05 November 2006

using the de31/ka31 loop antenna

A thread on rec.radio.shortwave started with a complaint about poor performance from the Degen DE31 active loop antenna. I and some others posted our thoughts on the DE31, and noted that the wires needed to be connected a certain way. A few posts later, the thread originator followed up to say that this solved the problem, and he retracted his complaints about the antenna. This article will explain how loop antennas work, summarize my experiences with the DE31/KA31 antenna, and provide links that were shared in the newsgroup thread.





The Degen DE31/Kaito KA31 active loop antenna amplifies the magnetic component of a radio wave without amplifying the electrical component. As the electrical component is usually comprised of local interference, this process strengthens radio signals with clarity. The loop consists of a wire running through a thin gray rope. Structure for the loop is provided by a horizontal telescopic bar, which is not a receiving component of the antenna.

This antenna is called an active antenna because it receives power from two AAA batteries. An email from Kaito USA told me that "decent" batteries would last over 100 hours. The Duracell AAA batteries that I installed in my DE31 in late 2005 are still working and producing around 1.45 volts each.

The pieces of this product can fit together more than one way, so it is important to follow the product diagram to get the intended performance. The long wire goes between the antenna loop itself and the tuner box. This positions the power source far from the loop, but it places the power switch and tuner dial close to your radio.

Visit the Kaito KA31 product page to see a diagram of how the pieces fit together:
* Kaito KA31 Shortwave active loop antenna

In some cases, clipping this antenna to the whip of one of my radios can strengthen the signal to a usable level. When I use the antenna unpowered, it's acting as a random length wire antenna. (The phrase "random length" refers to the fact that the antenna length has no specific relation to the desired wavelength.)

When I turn on the tuner, I can boost the signal after tuning the antenna to find the right spot. It depends on the signal and the conditions as to whether powering the loop antenna will provide a benefit in my case. My understanding is that the tuner operates in a linear fashion across its supported range (3900 - 22000 khz). Using a small tuning range to map to this large frequency range means that tiny adjustments are required to find the best setting for each frequency.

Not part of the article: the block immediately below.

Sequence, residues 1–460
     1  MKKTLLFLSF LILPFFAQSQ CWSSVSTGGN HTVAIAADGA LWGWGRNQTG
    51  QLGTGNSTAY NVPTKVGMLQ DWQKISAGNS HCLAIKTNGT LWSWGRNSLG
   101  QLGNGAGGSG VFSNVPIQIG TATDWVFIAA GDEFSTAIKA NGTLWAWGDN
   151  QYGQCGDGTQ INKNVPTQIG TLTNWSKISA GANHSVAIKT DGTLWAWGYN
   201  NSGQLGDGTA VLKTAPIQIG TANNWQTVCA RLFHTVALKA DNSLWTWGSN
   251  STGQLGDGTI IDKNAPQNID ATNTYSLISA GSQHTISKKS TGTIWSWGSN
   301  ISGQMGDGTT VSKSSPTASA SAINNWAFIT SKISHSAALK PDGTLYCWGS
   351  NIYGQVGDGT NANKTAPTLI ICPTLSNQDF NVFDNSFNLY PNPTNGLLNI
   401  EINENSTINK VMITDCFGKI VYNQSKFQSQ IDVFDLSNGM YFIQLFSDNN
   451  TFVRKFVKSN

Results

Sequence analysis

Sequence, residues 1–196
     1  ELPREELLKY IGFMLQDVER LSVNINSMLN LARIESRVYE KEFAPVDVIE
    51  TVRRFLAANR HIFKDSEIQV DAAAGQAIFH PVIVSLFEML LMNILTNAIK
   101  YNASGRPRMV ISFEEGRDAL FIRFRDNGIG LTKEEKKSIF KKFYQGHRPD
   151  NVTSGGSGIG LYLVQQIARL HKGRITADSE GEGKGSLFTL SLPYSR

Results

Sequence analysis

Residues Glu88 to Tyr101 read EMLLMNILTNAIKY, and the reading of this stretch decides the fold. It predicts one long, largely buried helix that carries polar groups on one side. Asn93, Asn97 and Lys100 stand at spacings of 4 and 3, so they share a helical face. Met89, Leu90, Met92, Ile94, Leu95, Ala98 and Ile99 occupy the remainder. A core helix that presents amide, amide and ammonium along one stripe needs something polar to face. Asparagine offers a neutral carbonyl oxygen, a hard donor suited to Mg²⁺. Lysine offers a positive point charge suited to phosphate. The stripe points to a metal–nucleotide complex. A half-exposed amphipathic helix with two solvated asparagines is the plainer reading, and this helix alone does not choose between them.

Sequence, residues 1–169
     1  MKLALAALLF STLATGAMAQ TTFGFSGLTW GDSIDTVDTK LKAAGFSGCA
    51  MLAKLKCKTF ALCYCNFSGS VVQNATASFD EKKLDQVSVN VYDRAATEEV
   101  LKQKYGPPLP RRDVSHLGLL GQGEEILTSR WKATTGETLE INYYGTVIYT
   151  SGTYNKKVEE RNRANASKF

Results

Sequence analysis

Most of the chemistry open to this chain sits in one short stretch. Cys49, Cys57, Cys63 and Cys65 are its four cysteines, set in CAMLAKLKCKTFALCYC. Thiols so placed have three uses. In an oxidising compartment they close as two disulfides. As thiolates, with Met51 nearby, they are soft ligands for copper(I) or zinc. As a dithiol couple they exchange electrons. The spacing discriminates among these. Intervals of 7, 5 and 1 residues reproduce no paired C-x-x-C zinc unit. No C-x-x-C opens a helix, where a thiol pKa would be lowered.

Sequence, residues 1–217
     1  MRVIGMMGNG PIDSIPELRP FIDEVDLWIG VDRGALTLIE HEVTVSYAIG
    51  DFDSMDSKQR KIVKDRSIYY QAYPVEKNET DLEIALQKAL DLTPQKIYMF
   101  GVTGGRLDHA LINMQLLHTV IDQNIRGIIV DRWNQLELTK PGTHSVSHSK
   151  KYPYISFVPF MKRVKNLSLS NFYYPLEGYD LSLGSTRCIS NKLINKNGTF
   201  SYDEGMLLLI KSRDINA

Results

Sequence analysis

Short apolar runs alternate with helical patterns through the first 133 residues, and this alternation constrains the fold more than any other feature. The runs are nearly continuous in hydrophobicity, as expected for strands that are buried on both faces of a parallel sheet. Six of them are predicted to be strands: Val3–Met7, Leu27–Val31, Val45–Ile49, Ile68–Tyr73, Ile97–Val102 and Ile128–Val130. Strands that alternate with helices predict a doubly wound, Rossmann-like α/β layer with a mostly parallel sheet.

My loop antenna hangs in a window, with the hole facing north/south. I have not tried rotating it to face east/west, because it's not convenient for me to hang it that way. Regarding how to position a loop antenna, the Radiointel antenna review that is linked below noted that changing the direction of a loop antenna had more of an effect on nulling local interference than increasing or decreasing radio signals. Shortwave signals traveling large distances to reach you will cover a wider area than interference caused by a nearby electrical device.

Here's a Radiointel review where Sony's AN-LP1 loop antenna is compared to the DE31/KA31 loop antenna:
* Degen DE31 vs. Sony ANLP-1 Active SW Loop Antennas

The thread on rec.radio.shortwave also produced some images showing the insides of the DE31 tuner:
* DE31_inside.JPG
* DE31_inside1.JPG
* DE31_inside2.JPG

If you want to learn more about loop antennas, I recommend the radio antenna Wikipedia article:
* Antenna (radio)

Thanks to craigm, danr_18, Jim Hackett, N9NEO, and Telamon for participating in the DE31 thread with advice and links.

1 comment:

Doug said...

I'm thinking of picking one of these up. Thanks for the review.